The functor arrOf takes a contract for a set of elements and produces a contract for the set of lists of those elements. Concatenation of lists makes them into a monoid. Let Mon be the category of monoids and monoid homomorphisms; then we can say that arrOf is a functor from Set to Mon.

There’s another functor from Mon to Set that simply forgets the monoidal structure: it takes an element of a monoid and produces an opaque wrapper with one method, unwrap. Let’s call it setOf.

The contract setOf(arrOf(x)): Set -> Set is for a wrapped array of x‘s. Given any element xVal, we can produce a value wrap([xVal]) that passes setOf(arrOf(x)).

The contract arrOf(setOf(m)): Mon -> Mon is for lists of wrapped elements of a monoid. Given any list like

[wrap(mVal1), wrap(mVal2), wrap(mVal3)]

passing this contract, we can get a monoid element passing m by unwrapping each element and multiplying them all together.

The categories Set and Mon are not equivalent: setOf ○ arrOf is not isomorphic to the identity since there’s no way to take an element like wrap([xVal1, xVal2, xVal]) that passes setOf(arrOf(x)) and produce an element passing the contract x that doesn’t depend on x.

However, setOf and arrOf are related in a special way: with a little thought, it’s easy to see that the set of monoid homomorphisms from arrOf(x) to y is isomorphic to the set of functions passing hom(x, setOf(y)): a monoid homomorphism from arrOf(x) is completely specified by saying what it does to each of the values that pass x: you just map that function over the list and then multiply the results together.

Two functors $L:C \to D$ and $R:D \to C$ are adjoint functors if for all objects c in C and d in D,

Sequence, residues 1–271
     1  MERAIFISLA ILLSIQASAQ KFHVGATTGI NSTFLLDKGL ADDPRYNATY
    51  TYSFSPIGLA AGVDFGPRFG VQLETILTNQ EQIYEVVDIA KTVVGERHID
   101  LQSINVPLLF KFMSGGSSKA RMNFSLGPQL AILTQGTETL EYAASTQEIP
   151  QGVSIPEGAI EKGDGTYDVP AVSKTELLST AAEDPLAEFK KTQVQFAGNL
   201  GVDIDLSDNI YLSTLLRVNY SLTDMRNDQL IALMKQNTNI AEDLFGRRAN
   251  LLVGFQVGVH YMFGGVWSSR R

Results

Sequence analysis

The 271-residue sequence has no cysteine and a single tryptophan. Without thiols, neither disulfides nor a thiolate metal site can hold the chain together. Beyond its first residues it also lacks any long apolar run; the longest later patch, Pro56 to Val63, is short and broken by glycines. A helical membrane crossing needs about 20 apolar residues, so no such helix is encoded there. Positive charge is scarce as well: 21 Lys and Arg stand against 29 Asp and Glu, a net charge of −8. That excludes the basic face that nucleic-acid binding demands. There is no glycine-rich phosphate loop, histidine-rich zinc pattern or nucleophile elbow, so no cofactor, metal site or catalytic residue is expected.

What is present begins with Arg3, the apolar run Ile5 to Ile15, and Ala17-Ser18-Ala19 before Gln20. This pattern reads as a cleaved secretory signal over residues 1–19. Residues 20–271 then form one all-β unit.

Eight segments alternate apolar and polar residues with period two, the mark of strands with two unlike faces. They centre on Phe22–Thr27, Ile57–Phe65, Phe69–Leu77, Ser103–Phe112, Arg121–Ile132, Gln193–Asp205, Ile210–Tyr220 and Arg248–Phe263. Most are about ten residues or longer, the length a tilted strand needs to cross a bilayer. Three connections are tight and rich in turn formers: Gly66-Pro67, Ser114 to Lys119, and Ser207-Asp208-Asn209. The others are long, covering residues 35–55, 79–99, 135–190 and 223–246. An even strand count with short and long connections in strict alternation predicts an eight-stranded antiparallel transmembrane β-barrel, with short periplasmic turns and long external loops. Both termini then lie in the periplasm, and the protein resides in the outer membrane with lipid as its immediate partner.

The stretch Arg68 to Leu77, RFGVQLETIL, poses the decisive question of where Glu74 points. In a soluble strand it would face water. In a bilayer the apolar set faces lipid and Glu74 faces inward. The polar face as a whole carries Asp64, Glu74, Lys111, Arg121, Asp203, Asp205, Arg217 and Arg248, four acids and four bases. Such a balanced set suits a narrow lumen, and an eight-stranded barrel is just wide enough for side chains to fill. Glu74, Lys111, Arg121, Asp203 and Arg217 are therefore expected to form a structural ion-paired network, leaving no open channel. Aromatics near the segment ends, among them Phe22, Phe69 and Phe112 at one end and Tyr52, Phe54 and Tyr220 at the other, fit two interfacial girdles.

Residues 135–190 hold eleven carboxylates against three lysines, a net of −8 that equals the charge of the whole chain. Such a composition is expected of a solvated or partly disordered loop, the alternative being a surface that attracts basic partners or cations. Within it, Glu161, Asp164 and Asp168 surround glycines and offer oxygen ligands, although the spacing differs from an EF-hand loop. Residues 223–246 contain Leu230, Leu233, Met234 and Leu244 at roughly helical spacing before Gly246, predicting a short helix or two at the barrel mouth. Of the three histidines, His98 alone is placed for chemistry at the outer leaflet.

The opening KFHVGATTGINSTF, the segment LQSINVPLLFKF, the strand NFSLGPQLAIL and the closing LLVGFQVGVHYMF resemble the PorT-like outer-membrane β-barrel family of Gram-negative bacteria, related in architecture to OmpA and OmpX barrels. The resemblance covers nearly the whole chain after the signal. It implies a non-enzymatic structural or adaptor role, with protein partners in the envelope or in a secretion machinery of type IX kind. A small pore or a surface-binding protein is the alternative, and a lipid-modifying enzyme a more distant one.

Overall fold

$\hom_D(L(c), d) \cong \hom_C(c, R(d)).$

In the example above, $C = \mbox{Set},$ $\hom_C(c, c')$ is the set of functions from the set c to the set c’, $D = \mbox{Mon},$ and $\hom_D(d,d')$ is the set of monoid homomorphisms from the monoid d to the monoid d’.

Other examples of adjoint functors include

1. $\hom_{\mbox{PSet}}(L(c), d) \cong \hom_{\mbox{Set}}(c, R(d)).$ PSet is the category of “pointed sets”—i.e. sets with a special chosen element called the “point”—and functions between them that map the point of the domain to the point of the codomain. Here, $L(c)$ is the set c plus an extra point, while $R(d)$ forgets which element of d was the special one.
2. $\hom_{\mathbb{N}}(2m, n) \cong \hom_{\mathbb{N}}(m, \lfloor\frac{n}{2}\rfloor),$ where $\mathbb{N}$ is the category whose objects are natural numbers and there’s a morphism from $m$ to $n$ if $m\le n.$ Here, the floor function forgets the fractional part of $\frac{n}{2}.$
3. $\hom_{n+1}(\int_0^x f(y) dy, g(x)) \cong \hom_{n}(f(x), \frac{d}{dx} g(x)),$ where $n$ is the category of polynomials of degree $n$ and there’s a morphism from f to f’ if f is bounded above by f’. Here, the derivative operator forgets the constant term.
4. In general, any “forgetful” functor R that forgets some structure has a left adjoint L, the “free” structure of that kind.
5. $\hom_{\mbox{Set}}(c+c', d) \cong \hom_{\mbox{Set}^2}((c,c'), \Delta d),$ where Set² is the category of pairs of sets and pairs of functions between them, and $\Delta d = (d, d).$ This is a categorification of the fact that in real numbers, $d^{c+c'} = d^c d^{c'}.$
6. $\hom_{\mbox{Set}^2}(\Delta c, (d, d')) \cong \hom_{\mbox{Set}}(c, d \times d').$ This is a categorification of the fact that in real numbers, $(dd')^c = d^c d'^c.$
7. $\hom_{\mbox{Set}}(c \times c', d) \cong \hom_{\mbox{Set}}(c, \hom_{\mbox{Set}}(c', d)).$ This is a categorification of the fact that in real numbers, $d^{cc'} = (d^c)^{c'}.$
8. $\hom_{\mbox{Sub}}(c \cup c', d) \cong \hom_{\mbox{Sub}^2}((c,c'), \Delta d),$ where Sub is the category of sets and inclusions (i.e. there’s a morphism $c\to c'$ if $c \subseteq c'.$)
9. $\hom_{\mbox{Sub}^2}(\Delta c, (d, d')) \cong \hom_{\mbox{Sub}}(c, d \cap d').$
10. $\hom_{\mbox{Bool}}(\exists x \in c \mbox{ such that } x \in s, d) \cong \hom_{\mathcal{P}s}(c, K(d)).$ Here Bool is the category with two objects F and T and an arrow from F to T—that is, there’s an arrow from one object to another if the one implies the other. $\mathcal{P}s$ is the set of subsets of $s,$ and $K(d)$ maps F to the empty set and T to $s.$
11. $\hom_{\mathcal{P}s}(K(c), d) \cong \hom_{\mbox{Bool}}(c, \forall x \in d. x \in s).$

Adjoint functors turn up all over the place.